Hässler, T, Ullrich1, J, Sebben, S, Shnabel, N, Bernardino, M, Valdenegro, D, Van Laar, C, González, R, Visintin, P, Tropp, L, Ditlmann, R, Abrams, D, Aydin, A, Pereira, A, Selvanathan, H, Zimmermann, J, Lantos, N, Sainz, M, Glenz, A, Kende, A, Oberpfalzerova, H, Bilewicz, M, Branković, M, Noor, M ORCID: https://orcid.org/0000-0002-4955-6793, Pasek, M, Wright, S, Žeželj, I, Kuzawinska, O, Maloku, E, Otten, S, Gul, P, Bareket, O, Biruski, D, Ugarte, L, Osin, E, Baiocco, R, Cook, J, Dawood, M, Droogendyk, L, Loyo, A, Jelic, M, Kelmendi, K and Pistella, J (2021) Needs satisfaction in intergroup contact: A multi-national study of pathways toward social change. Journal of Personality and Social Psychology. (In Press)

[img] Text
ACCEOTED_Manuscript_Need_Satisfaction_Social_Change (1).docx - Accepted Version
Restricted to Repository staff only until 25 January 2022.
Available under License Creative Commons Attribution Non-commercial.

Download (257kB)

Abstract

What role does intergroup contact play in promoting support for social change toward greater social equality? Drawing on the needs-based model of reconciliation, we theorized that when inequality between groups is perceived as illegitimate, disadvantaged group members will experience a need for empowerment and advantaged group members a need for acceptance. When intergroup contact satisfies each group’s needs, it should result in more mutual support for social change. Using four sets of survey data collected through the Zurich Intergroup Project in 23 countries, we tested several preregistered predictions, derived from the above reasoning, across a large variety of operationalizations. Two studies of disadvantaged groups (Ns=689 ethnic minority members in Study 1 and 3,382 sexual/gender minorities in Study 2) support the hypothesis that, after accounting for the effects of intergroup contact and perceived illegitimacy, satisfying the need for empowerment (but not acceptance) during contact is positively related to support for social change. Two studies with advantaged groups (Ns=2,937 ethnic majority members in Study 3 and 4,203 cis-heterosexual individuals in Study 4) showed that, after accounting for illegitimacy and intergroup contact, satisfying the need for acceptance (but also empowerment) is positively related to support for social change. Overall, findings suggest that intergroup contact is compatible with efforts to promote social change when group-specific needs are met. Thus, to encourage support for social change among both disadvantaged and advantaged group members, it is essential that, besides promoting mutual acceptance, intergroup contact interventions also give voice to and empower members of disadvantaged groups.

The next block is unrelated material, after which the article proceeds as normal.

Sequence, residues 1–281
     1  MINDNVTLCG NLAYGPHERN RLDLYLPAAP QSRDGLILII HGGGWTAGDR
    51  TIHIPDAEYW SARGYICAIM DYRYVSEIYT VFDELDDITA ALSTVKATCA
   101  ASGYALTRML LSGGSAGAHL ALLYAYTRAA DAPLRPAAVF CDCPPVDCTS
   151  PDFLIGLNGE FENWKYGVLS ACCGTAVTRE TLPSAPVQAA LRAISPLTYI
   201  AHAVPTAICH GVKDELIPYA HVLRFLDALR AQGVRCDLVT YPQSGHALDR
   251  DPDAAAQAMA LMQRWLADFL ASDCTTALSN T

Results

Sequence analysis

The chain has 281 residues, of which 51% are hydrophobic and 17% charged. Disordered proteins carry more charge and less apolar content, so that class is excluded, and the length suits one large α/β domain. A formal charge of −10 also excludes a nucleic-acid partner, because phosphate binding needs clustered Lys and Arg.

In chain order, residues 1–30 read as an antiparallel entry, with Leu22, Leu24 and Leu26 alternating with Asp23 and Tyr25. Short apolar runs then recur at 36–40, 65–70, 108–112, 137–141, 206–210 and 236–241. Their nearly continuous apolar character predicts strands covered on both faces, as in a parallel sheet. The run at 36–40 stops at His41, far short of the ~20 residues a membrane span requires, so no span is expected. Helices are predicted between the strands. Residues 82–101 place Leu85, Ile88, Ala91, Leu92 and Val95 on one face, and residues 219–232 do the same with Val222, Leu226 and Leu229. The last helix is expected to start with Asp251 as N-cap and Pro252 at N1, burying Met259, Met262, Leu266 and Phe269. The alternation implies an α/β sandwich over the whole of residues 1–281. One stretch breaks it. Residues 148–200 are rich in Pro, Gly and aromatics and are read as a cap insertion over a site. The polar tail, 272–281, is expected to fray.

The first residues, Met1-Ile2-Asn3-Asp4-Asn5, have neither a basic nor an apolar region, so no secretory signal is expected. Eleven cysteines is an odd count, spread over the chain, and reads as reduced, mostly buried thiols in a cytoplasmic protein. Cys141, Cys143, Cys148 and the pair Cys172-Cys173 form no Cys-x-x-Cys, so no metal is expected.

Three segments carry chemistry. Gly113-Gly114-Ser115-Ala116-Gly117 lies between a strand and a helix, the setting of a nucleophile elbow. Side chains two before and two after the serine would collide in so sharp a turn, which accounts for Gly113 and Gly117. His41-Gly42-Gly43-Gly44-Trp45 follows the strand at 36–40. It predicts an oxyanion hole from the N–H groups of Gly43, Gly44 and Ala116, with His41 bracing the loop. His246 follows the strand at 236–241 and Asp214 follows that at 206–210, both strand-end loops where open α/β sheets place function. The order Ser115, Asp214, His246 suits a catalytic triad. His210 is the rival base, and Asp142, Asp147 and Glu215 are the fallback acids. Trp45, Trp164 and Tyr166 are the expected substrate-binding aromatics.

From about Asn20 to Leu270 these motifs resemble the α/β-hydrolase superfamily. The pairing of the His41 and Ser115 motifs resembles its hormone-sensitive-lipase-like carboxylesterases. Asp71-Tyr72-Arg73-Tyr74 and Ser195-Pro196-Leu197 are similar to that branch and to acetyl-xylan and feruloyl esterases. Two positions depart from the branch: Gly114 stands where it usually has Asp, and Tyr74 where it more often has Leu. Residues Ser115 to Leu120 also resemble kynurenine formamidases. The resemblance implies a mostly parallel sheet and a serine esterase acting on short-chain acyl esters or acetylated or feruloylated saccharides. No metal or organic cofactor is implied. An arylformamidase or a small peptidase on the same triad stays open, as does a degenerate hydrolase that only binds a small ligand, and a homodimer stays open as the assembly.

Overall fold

Item Type: Article
Subjects: B Philosophy. Psychology. Religion > BF Psychology
H Social Sciences > H Social Sciences (General)
Divisions: Faculty of Natural Sciences > School of Psychology
Depositing User: Symplectic
Date Deposited: 03 Feb 2021 13:16
Last Modified: 23 Feb 2021 10:29
URI: https://eprints.keele.ac.uk/id/eprint/9122

Actions (login required)

View Item View Item